Tomorrow, General Motors CEO Mary Barra will plead her company’s case to congress, and her prepared testimony has been released early.
This will be Barra’s second appearance before congress and it comes 11 weeks after her first visit, when she told investigators that she could not answer many of their questions. Since then, former U.S. attorney Anton Valukas has conducted a thorough investigation and released a 315-page report detailing the issues that led to the company selling cars with faulty ignition switches, linked to at least 13 deaths.
Now, Barra will outline all the steps that GM has taken, and will take to fix its issues and to ensure that nothing like this happens again. “The Valukas report, as you now know, is extremely thorough, brutally tough and deeply troubling. It paints a picture of an organization that failed to handle a complex safety issue in a responsible way,” reads the testimony.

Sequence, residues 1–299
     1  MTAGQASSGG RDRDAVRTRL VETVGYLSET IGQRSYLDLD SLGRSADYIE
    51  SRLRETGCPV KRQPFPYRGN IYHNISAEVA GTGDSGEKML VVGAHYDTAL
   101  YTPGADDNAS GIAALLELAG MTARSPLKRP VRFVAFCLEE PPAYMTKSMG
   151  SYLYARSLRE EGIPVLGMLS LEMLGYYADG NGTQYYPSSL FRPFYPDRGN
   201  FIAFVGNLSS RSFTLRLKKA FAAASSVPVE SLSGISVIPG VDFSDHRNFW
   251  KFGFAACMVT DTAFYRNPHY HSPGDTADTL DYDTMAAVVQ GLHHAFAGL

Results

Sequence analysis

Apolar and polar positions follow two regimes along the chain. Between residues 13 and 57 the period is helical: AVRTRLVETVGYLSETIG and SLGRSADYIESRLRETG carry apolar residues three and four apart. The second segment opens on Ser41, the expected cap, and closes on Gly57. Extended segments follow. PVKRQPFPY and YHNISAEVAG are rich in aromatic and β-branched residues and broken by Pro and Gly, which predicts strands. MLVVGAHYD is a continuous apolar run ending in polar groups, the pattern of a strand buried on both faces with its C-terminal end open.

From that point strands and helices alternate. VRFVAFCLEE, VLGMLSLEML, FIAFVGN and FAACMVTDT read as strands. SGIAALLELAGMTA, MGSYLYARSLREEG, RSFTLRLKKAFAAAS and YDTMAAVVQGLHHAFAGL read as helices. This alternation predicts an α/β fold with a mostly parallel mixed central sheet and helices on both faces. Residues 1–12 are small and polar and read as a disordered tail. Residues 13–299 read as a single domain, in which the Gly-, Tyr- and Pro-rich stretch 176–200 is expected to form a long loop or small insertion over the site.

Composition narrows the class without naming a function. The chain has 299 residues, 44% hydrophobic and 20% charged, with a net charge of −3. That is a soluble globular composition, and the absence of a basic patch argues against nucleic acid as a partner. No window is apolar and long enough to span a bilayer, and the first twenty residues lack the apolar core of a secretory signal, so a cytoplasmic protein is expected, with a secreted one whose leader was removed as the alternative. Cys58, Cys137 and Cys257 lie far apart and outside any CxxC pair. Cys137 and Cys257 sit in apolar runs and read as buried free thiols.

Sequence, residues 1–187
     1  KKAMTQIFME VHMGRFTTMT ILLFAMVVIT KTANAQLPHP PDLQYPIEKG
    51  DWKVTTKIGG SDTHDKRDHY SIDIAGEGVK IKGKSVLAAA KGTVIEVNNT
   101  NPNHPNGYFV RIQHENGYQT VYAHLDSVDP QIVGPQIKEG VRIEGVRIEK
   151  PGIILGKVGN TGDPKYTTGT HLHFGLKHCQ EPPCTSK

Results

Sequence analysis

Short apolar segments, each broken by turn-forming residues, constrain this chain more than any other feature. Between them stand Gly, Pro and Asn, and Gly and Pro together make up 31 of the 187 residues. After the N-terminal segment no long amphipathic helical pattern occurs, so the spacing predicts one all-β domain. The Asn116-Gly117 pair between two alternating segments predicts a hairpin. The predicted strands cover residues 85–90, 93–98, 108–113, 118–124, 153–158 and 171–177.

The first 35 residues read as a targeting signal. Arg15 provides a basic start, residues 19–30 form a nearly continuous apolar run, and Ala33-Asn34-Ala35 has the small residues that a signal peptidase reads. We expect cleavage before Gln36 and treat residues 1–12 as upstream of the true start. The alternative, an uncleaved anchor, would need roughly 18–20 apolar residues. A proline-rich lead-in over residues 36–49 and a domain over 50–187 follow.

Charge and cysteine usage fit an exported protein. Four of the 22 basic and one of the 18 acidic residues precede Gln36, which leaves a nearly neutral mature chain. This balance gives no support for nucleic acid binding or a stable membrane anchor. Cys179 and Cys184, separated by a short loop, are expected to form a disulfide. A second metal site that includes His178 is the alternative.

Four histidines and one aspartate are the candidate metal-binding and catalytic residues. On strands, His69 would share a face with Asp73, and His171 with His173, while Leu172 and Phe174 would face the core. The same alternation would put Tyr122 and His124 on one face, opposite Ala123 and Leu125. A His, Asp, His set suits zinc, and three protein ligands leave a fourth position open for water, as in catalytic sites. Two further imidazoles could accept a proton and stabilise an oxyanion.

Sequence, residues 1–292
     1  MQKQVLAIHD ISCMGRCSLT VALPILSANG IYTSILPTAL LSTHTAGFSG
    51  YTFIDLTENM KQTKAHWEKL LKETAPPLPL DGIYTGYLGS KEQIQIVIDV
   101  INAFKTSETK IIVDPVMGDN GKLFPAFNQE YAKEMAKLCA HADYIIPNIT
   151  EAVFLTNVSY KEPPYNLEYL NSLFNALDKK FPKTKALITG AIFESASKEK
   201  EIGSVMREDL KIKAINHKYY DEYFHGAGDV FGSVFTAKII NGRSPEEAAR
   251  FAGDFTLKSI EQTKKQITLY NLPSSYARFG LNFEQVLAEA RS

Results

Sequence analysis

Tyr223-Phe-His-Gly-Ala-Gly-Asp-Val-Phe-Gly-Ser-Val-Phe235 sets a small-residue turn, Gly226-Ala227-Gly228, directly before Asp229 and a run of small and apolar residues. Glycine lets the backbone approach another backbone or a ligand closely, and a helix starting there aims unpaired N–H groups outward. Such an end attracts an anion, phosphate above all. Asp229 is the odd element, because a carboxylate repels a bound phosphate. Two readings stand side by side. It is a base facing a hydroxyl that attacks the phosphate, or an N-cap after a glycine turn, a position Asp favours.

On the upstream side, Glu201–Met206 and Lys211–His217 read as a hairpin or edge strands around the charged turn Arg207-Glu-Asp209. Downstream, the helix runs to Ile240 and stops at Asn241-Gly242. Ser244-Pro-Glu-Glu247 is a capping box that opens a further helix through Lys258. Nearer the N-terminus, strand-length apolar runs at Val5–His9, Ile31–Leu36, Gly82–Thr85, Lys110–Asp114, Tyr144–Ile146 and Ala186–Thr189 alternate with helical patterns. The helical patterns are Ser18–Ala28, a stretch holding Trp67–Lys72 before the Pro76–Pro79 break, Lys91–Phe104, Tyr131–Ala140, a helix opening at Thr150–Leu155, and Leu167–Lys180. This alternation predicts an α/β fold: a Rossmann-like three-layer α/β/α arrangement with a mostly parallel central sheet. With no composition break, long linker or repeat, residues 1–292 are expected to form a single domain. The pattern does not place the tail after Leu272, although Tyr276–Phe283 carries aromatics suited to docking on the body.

Seven different actions taken by GM will be discussed by Barra, including the firing of 15 employees, the restructuring of safety practices and the enlistment of Ken Feinberg to issue compensation to families affected by the injuries caused by faulty ignition switches.
Anton Valukas will also testify alongside Barra, to share his findings. “We found failures throughout the company — including individual errors, poor management, byzantine committee structures, lack of training, and inadequate policies,” reads Valukas’ testimony.
In terms of future action, Barra has committed to acting on every single one of 90 recommendations laid out in the Valukas report.
“I know some of you are wondering about my commitment to solve the deep underlying cultural problems uncovered in this report. The answer is I will not rest until these problems are resolved. As I told our employees, I am not afraid of the truth,” Barra will tell congress.
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